Lecico Egypt turns profitable, posts LE 586M revenues in Q2



Mon, 14 Aug 2017 - 04:09 GMT


Mon, 14 Aug 2017 - 04:09 GMT

Lecico Egypt product - Company's Website

Lecico Egypt product - Company's Website

CAIRO – 14 August 2017: Lecico Egypt’s posted net profit of LE 13.7 million in the second quarter of 2017 versus loss of LE 39.1 million ($2.2 million) in the same period last year, a Monday statement said.

Consolidated results revealed that operating earnings before interest and taxes (EBIT) reached LE 47.7 million ($ 2.68 million) in Q2 of 2017 against operating loss of LE 19.4 million in Q2 of 2016; revenues hiked 69 percent to LE 586 million in Q2 of 2017.

For the first six months of this year, revenue surged 70 percent to LE 1.13 billion. The company recorded operating EBIT of LE 1 billion in H1 of 2017 versus an operating loss of LE 45.9 million in H1 of 2016.

Net profit reached LE 32.3 million compared to a loss of LE 80.4 million in the same period of 2016.

“I am pleased to report another quarter of profitability. I believe the two quarters of profitability show a good step in our recovery; and the fact that this was not reflected in our share price led us to buy 10 percent of the company shares as treasury stock at the end of July. I think time will show it is an excellent investment,” Lecico Egypt Chairman Gilbert Gargour said.

Lecico Egypt announced earlier on its website that it has successfully acquired 10 percent of the company’s outstanding share or eight million shares. These shares were acquired on a prorate basis at an extraordinary price of LE 6 per share.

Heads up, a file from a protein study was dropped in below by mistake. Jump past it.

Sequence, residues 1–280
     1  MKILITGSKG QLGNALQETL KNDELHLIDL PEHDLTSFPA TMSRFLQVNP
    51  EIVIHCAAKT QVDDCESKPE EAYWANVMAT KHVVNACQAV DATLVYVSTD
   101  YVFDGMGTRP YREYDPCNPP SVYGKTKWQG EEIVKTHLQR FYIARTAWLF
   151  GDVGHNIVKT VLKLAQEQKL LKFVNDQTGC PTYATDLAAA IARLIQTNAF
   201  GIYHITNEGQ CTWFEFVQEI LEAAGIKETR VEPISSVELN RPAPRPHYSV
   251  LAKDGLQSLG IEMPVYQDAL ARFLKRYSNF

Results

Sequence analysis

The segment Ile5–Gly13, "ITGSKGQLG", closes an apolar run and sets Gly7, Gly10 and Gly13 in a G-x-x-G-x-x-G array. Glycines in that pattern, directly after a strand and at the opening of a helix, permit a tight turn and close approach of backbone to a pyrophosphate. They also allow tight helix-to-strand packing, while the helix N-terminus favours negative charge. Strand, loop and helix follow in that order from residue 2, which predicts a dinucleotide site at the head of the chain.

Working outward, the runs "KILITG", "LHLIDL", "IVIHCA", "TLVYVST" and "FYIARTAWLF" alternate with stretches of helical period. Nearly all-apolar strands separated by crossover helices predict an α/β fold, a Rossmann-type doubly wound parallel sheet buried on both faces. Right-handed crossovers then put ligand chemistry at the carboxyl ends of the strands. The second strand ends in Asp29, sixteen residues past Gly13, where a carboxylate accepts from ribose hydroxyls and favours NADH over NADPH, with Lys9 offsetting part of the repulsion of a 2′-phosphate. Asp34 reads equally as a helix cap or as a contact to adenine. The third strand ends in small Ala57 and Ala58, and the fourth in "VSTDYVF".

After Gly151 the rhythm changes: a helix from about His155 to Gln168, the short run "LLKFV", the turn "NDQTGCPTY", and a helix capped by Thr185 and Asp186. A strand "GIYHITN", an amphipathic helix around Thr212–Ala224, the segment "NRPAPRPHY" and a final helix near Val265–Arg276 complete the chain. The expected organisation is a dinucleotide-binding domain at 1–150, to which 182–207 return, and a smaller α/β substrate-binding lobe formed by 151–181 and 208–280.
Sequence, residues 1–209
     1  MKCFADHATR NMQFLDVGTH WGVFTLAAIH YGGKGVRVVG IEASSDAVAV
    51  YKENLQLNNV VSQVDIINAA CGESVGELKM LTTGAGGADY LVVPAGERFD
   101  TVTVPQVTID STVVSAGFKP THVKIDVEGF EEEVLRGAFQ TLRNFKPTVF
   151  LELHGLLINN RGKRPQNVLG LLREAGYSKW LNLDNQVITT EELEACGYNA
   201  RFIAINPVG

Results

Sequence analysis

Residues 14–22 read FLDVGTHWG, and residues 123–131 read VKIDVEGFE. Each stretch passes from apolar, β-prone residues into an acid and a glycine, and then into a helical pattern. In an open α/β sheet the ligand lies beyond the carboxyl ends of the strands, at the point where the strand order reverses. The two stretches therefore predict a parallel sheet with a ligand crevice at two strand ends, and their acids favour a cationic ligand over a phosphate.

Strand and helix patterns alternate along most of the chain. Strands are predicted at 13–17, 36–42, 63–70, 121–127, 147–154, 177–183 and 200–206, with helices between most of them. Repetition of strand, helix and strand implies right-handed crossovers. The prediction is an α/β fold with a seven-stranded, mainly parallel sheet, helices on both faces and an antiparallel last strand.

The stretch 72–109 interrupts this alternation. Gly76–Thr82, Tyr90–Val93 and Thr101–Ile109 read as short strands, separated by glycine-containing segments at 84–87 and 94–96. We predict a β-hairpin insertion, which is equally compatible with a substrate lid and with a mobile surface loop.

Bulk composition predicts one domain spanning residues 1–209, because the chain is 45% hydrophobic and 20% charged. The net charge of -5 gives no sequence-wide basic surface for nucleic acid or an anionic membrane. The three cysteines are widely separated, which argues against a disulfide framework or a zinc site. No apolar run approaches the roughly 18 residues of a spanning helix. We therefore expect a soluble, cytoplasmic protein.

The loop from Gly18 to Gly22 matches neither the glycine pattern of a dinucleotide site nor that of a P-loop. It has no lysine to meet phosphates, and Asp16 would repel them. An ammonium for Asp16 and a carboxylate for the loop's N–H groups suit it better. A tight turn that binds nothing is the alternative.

Moreover, Lecico Egypt CEO Taher Gargour pinpointed that the company has controlled its costs, especially that the reduced production seen in Ramadan increased unit costs for the second quarter, reflected negatively on the gross margins.

Net debt increased LE 140 million or 14 percent in the quarter as working capital grew quarter-on-quarter, the statement read.

“We continued to build stocks of finished goods despite using the Ramadan slowdown to reduce production. We were able to reduce Egyptian market receivables quarter-on-quarter but this was offset by growing export receivables,” Taher Gargour added.

The CEO highlighted that the company is working on offsetting the inflationary pressures caused by the government-led cost hikes announced in July, by increasing local price and setting better export prices.

“The floatation and related price increases in the local market have made a big difference to our financial health and we must build on this in the coming quarters,” CEO Gargour said.

In July, the Central Bank of Egypt (CBE) unexpectedly decided to raise interest rates by two percent. The Monetary Policy Committee (MPC) hiked the overnight deposit rate to 18.75 percent from 16.75 percent and the overnight lending rate to 19.75 from 17.75 percent.

The CBE’s decision followed its move in November floating the Egyptian pound, as part of the government’s broader efforts to reform the business and investment climate in Egypt to attract much-needed investments to the country.



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